At the end of a “short” challenge, I came up with my shortest code… Part of it was :

ord©-96for c in input().lower()

Praveend came up with a shorter solution that I don’t understand :

ord©&31for c in input()

Anyone can explains it to me ?

Swann

At the end of a “short” challenge, I came up with my shortest code… Part of it was :

ord©-96for c in input().lower()

Praveend came up with a shorter solution that I don’t understand :

ord©&31for c in input()

Anyone can explains it to me ?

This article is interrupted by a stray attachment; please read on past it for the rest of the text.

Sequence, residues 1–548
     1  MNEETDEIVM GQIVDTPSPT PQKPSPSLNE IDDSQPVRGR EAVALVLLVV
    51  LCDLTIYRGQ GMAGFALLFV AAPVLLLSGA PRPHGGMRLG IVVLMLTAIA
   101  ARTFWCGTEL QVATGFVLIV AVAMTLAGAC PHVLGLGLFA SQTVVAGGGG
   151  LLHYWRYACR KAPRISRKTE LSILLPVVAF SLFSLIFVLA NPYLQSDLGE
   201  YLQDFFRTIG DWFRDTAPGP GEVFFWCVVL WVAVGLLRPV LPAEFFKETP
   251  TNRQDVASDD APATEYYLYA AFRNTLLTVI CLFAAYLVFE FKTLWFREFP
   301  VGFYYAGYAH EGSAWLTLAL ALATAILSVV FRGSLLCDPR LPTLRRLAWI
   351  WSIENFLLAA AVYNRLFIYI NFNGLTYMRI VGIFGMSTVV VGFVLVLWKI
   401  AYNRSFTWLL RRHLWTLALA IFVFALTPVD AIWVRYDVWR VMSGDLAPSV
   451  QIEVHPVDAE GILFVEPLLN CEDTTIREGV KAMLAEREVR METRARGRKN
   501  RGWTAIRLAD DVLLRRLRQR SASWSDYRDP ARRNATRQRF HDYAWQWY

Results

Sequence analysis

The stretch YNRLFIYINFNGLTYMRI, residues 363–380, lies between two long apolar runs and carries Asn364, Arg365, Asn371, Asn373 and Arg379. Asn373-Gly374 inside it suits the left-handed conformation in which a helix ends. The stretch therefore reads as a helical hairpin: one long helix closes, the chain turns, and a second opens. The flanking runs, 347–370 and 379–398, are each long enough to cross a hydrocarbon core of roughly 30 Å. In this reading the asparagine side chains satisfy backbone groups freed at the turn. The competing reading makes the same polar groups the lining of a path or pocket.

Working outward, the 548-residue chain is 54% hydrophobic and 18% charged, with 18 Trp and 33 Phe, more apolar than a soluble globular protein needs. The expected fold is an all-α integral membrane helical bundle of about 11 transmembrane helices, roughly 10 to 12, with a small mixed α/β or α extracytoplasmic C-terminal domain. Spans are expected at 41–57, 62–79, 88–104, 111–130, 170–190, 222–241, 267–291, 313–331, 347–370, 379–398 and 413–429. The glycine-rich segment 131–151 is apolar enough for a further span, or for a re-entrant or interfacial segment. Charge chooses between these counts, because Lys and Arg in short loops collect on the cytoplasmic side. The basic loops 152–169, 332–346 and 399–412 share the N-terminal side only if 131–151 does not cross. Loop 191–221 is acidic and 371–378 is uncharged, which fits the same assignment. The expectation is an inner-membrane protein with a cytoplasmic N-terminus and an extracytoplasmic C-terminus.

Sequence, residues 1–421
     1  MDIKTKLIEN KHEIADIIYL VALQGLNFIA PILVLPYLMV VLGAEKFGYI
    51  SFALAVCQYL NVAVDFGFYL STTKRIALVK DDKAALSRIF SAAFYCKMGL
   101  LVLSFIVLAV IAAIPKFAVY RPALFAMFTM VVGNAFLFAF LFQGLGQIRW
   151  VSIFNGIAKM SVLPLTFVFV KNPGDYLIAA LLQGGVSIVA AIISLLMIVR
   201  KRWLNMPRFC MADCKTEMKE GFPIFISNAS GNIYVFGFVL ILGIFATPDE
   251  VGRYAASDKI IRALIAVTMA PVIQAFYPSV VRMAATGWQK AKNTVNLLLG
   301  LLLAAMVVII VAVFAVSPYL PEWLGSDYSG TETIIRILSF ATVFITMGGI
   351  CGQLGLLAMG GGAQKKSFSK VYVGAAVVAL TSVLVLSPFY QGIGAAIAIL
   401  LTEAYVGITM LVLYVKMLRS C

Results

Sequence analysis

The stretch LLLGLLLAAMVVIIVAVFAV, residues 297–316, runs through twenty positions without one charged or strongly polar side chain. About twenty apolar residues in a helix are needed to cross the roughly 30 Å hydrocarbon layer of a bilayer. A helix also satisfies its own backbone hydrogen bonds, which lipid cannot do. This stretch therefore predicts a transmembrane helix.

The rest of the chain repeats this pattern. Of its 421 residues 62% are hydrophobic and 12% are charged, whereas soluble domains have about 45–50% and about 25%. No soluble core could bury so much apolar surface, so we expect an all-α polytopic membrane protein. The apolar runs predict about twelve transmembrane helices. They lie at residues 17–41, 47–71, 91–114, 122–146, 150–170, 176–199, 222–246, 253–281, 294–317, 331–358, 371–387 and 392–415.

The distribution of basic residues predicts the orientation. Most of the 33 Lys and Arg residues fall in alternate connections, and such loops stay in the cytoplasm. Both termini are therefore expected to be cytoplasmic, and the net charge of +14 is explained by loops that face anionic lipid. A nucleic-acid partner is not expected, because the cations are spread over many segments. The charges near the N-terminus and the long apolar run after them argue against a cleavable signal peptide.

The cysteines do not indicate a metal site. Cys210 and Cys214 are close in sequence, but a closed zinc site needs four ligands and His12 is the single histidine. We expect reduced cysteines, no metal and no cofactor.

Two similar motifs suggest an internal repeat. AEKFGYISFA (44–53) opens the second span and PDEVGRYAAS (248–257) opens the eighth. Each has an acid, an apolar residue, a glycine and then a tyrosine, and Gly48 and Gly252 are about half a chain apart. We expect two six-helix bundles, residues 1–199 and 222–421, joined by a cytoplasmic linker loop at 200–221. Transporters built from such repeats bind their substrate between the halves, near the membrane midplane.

Swann

In Python (and other languages) the operators `&`

(and), `|`

(or), `^`

(xor), `~`

(not) act bitwise on integers. For example,

```
ord('D') & 31 -> 68 & 31 -> 100100 (binary) & 11111 (binary) -> 00100 (binary) -> 4
ord('d') & 31 -> 100 & 31 -> 1100100 (binary) & 11111 (binary) -> 00100 (binary) -> 4
```

In this case, `&31`

is equivalent to `%32`

which may be a more readable alternative. Of course, this works because of the positions of ‘a’, ‘b’, … and ‘A’, ‘B’, … in the ASCII table.

Another useful trick: `x ^ 1`

is equivalent to `2 * (x // 2) + (x % 2)`

. For example, `5 ^ 1 == 4`

and `4 ^ 1 == 5`

.

For more about bitwise operators in Python see here.

3 Likes